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Old 07-02-2015, 11:24 AM   #1 (permalink)
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Graphene batteries and supercapacitors

In May a South Korean group announced a graphene supercapacitor "breakthrough" that could produce very short charging times:
Breakthrough for electric cars: Supercapacitors from miracle substance graphene charges batteries in 4 minutes

And in this older report, a Berkeley group is described as developing graphene batteries: "The Berkeley team is eyeballing the new technology to develop a low cost electric vehicle battery in the 300 mile range, so stay tuned."
Graphene Could Kill Lithium-Ion Batteries | CleanTechnica

I wonder how much of this is hype, and when some of these technologies might make an appearance in cars or even battery products sold directly to the consumer market.

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Old 07-02-2015, 11:27 AM   #2 (permalink)
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There is so much hype on different battery chemistry types right now. Its very encouraging to see all the research and development going on in that area. Time will only tell which ones will actually prove viable in real world applications.
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Old 07-02-2015, 01:43 PM   #3 (permalink)
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Hmmm: 10 kwh in my volt pack. 4 minute recharge. Awfully big current numbers to get recharged. Pretty sure it would melt 2/0 cables, and set fire to the li-pos.
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Old 07-02-2015, 02:29 PM   #4 (permalink)
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Quote:
Originally Posted by Piotrsko View Post
Hmmm: 10 kwh in my volt pack. 4 minute recharge. Awfully big current numbers to get recharged. Pretty sure it would melt 2/0 cables, and set fire to the li-pos.
That's a good point. There would be a need for new charging infrastructure, wouldn't there?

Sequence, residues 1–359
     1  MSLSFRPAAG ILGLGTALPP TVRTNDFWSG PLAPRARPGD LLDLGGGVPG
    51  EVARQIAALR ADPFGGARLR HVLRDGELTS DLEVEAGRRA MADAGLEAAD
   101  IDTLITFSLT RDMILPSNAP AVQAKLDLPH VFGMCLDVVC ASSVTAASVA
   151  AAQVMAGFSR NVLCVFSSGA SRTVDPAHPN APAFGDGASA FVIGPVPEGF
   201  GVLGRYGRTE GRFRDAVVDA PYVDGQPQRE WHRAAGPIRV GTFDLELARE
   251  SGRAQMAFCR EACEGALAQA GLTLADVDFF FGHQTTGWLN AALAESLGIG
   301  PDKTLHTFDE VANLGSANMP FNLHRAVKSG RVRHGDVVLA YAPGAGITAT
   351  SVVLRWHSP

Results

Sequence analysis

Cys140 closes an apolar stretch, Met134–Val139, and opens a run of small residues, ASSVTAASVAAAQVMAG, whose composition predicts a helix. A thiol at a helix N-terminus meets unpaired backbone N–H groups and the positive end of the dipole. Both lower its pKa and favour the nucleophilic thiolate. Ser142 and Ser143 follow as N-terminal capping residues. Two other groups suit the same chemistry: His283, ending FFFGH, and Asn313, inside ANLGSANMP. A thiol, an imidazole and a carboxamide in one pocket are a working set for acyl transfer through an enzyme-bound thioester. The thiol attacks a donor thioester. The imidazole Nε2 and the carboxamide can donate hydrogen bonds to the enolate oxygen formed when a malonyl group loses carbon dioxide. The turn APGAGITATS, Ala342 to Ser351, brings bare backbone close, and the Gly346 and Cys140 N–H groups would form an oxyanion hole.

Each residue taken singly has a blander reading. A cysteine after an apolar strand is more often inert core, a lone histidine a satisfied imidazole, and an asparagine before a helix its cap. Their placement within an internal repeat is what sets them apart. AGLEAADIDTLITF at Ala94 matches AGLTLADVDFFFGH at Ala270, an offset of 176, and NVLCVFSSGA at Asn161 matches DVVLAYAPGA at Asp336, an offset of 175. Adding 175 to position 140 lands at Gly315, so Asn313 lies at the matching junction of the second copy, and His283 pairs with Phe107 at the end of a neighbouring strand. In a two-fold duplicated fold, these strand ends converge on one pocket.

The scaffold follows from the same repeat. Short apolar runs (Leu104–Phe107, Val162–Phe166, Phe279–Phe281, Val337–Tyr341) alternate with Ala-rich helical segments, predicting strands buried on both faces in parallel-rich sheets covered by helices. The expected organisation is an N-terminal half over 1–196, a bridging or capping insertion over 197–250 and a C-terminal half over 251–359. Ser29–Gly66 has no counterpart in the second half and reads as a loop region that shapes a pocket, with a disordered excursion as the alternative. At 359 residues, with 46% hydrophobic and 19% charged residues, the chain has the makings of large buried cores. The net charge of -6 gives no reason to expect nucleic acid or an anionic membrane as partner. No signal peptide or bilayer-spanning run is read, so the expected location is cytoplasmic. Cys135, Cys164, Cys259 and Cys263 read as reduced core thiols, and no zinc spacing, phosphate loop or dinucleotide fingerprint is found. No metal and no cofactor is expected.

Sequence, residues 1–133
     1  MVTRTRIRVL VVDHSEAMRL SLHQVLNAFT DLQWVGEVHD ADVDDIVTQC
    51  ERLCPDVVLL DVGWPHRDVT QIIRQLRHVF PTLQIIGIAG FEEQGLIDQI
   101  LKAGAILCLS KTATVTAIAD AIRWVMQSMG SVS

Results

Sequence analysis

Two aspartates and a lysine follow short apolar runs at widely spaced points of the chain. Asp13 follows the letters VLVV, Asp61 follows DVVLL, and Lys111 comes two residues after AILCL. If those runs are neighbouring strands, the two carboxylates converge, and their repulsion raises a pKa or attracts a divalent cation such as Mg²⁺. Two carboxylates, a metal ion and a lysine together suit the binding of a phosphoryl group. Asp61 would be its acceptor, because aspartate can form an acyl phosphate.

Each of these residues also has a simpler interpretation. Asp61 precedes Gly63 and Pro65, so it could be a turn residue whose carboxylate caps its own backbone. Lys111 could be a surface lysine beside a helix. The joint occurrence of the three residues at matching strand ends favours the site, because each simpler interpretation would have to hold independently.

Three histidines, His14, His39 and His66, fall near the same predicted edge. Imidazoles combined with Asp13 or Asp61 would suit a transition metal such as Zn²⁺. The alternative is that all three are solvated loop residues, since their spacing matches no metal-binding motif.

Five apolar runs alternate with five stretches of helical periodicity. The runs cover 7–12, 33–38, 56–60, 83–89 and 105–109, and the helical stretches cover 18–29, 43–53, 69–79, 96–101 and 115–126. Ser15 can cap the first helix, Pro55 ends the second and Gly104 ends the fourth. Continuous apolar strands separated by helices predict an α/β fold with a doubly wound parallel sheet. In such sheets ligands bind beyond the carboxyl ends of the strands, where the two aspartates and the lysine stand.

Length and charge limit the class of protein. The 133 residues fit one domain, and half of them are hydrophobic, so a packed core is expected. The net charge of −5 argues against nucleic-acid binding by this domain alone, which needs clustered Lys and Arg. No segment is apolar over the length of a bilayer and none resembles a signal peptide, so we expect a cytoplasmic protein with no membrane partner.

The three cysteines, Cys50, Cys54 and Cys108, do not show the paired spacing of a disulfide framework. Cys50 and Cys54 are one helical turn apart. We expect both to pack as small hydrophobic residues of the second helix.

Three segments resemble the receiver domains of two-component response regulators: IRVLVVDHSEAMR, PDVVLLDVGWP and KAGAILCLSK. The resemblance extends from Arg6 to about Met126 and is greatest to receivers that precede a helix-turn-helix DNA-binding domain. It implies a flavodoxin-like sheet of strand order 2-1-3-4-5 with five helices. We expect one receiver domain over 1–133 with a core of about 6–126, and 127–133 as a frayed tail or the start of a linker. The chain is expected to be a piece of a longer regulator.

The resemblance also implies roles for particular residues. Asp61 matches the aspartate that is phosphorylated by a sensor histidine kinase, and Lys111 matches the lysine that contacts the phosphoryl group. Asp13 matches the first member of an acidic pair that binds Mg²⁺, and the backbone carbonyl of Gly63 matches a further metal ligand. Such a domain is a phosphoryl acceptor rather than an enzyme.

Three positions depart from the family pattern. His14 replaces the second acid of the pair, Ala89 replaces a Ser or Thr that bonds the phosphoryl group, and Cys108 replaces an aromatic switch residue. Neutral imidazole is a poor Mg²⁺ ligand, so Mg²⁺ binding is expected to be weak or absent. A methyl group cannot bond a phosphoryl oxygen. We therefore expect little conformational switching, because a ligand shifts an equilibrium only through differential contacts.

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Old 07-02-2015, 03:35 PM   #5 (permalink)
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Batteries get hot when they get charged because of their internal resistance.
The whole point of having graphene or unobtanium or whatever is just to reduce that resistance.
They would not get as hot while being charged; ideally even a full charge could not produce enough heat to trouble them, doing away with the need of forced cooling.
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Old 07-02-2015, 06:59 PM   #6 (permalink)
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The current episode of EVTV had mention of improvements from 24m (which rose from the ashes of A123) and Samsung. 24m has a way of layering the electrolyte and Samsung had something to do with the electrodes. Now I need to watch it again.

Irrespective of heating, a fast recharge of a massive battery must be like a mini-lightning bolt passing through a cable you can grasp in your hand.
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Old 07-02-2015, 08:18 PM   #7 (permalink)
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Can we harness lightning bolts yet? Aren't there some places regularly hit by them?
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Old 07-02-2015, 11:52 PM   #8 (permalink)
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Quote:
Originally Posted by Wikipedia
While a single bolt of lightning carries a relatively large amount of energy (approximately 5 billion joules[1] or about the energy stored in 145 litres of petrol), this energy is concentrated in a small location and is passed during an extremely short period of time (microseconds[2]); therefore, extremely high electrical power is involved.

That wold be like taking the whole fast charging problem, and multiplying by itself.

Edit: The Samsung announcement involves anodes made of silicon instead of carbon, wrapped in graphene sheets because the silicon swells and shrinks through the charge/discharge cycle.

So, something different. It's the usual 2 to 3 years out.

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Old 07-03-2015, 12:15 PM   #9 (permalink)
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Quote:
Originally Posted by California98Civic View Post
I wonder how much of this is hype, and when some of these technologies might make an appearance in cars or even battery products sold directly to the consumer market.
It's all hype until it actually exists and is available to the public.
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Old 07-06-2015, 01:45 AM   #10 (permalink)
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Quote:
Originally Posted by Piotrsko View Post
Hmmm: 10 kwh in my volt pack. 4 minute recharge. Awfully big current numbers to get recharged. Pretty sure it would melt 2/0 cables, and set fire to the li-pos.
10 kWh in 4 minutes is a charge rate of 150 kW. On 240 volt, that would be 625 amps. The typical household service is only 200 amps.

You would want a much higher charging voltage to keep the amps at a reasonable level. Even at 600 volts, it would take 250 amps to supply the 150 kWh rate.

Fun stuff.

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